Felting needles are used to commercially felt without soap and water. While machines employ hundreds or thousands of these needles, they are handy individually for the felting artist. Wonderful for details. The needles are usually three-sided, very sharp points with miniscule down-pointing barbs. The needle is punched or pushed repeatedly through the fiber, and the barbs mix the fibers, locking them together. Voila! Felt! The needles are available in several sizes or “gauges.” Most dry felting work, done with medium grade wool, uses 36 or 38 gauge. For finer surface work, or finer fibers, move up to 38 star or 40 gauge.
For coarser fibers, move down to 32 gauge.We use a piece of foam rubber as the working base when needle felting. Keep fingers well out of the way of the needles–they can draw blood. The needles should not be jammed, pried, or removed at a different angle then they were inserted, as the metal they are made of will often break rather then bend.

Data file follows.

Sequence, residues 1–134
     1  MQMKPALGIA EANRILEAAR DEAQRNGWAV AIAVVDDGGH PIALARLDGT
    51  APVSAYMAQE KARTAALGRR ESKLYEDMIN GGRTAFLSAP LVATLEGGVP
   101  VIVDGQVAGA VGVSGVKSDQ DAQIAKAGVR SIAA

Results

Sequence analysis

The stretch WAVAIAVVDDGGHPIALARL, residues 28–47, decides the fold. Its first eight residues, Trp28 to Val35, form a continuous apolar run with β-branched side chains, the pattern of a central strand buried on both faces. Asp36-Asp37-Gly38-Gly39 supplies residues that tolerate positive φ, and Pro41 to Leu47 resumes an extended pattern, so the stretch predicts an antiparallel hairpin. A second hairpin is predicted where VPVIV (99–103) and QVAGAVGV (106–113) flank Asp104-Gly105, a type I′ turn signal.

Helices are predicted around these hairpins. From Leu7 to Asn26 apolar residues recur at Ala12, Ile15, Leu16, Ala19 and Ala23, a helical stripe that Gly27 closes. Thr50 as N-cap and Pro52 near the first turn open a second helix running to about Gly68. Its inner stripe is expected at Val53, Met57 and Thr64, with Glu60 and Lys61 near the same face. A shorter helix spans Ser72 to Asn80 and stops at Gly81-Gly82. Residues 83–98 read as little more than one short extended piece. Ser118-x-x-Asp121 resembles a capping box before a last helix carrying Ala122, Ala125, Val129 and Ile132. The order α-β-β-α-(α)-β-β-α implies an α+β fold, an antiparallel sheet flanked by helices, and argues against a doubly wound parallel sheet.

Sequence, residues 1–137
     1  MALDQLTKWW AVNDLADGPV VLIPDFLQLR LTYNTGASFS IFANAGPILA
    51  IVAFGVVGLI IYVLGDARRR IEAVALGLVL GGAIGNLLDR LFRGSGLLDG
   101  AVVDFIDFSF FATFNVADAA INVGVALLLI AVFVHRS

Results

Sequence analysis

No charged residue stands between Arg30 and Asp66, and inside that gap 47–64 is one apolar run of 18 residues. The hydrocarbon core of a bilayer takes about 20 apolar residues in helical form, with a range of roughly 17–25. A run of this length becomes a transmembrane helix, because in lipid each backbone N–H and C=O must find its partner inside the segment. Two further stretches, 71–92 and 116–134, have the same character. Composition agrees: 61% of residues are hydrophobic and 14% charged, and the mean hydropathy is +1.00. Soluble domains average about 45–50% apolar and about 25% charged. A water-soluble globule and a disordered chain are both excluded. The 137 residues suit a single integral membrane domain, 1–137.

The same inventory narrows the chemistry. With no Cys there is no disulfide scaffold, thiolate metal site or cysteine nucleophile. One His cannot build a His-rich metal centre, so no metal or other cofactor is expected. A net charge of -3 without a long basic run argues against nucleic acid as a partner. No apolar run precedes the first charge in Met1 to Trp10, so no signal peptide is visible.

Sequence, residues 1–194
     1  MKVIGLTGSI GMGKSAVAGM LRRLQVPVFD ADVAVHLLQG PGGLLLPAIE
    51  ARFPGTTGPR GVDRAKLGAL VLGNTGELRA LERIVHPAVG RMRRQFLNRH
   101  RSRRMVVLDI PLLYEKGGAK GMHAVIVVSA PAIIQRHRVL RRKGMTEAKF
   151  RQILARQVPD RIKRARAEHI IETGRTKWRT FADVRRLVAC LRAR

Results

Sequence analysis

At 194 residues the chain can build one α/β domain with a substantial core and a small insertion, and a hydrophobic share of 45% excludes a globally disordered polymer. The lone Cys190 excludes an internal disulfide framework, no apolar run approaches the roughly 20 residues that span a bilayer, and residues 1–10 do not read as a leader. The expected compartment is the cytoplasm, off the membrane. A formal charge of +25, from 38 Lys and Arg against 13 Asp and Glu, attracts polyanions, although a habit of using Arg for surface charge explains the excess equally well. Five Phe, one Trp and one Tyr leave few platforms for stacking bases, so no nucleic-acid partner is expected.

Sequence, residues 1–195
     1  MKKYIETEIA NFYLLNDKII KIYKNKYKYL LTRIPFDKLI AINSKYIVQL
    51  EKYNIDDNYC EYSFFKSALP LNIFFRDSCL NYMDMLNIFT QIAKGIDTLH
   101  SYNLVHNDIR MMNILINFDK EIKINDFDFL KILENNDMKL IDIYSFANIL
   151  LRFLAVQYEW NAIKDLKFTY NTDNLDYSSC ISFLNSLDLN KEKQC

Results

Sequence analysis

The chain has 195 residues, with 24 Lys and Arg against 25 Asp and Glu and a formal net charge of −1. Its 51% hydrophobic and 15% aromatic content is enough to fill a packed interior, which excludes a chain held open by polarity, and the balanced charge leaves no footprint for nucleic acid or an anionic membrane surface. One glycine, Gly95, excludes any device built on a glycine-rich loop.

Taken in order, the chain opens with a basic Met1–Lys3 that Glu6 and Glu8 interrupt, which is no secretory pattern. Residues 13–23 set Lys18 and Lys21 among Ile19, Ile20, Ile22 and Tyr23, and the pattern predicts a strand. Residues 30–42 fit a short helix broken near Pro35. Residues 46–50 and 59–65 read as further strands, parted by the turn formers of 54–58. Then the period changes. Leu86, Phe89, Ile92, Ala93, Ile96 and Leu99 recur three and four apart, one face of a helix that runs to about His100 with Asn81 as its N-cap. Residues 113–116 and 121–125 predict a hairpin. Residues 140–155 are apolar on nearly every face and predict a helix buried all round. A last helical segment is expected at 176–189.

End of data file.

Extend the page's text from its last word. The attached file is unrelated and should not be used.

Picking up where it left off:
We offer the 38 gauge in a star blade. This blade has less surface space and more barbs, so it speeds up felting. We also offer it in a spiral blade. The spiral blade twists the fiber down into your project, for a faster tighter felt.
Our newest needle is the 40 gauge reverse. This spunky needle pulls up fiber, rather then pushing it down. Why, you may ask? Well this allows you to pull up tufts of fiber to produce hair or fur on your project. You can also fill the center of your base with a different color, and thus pull up other colors through your outside color.
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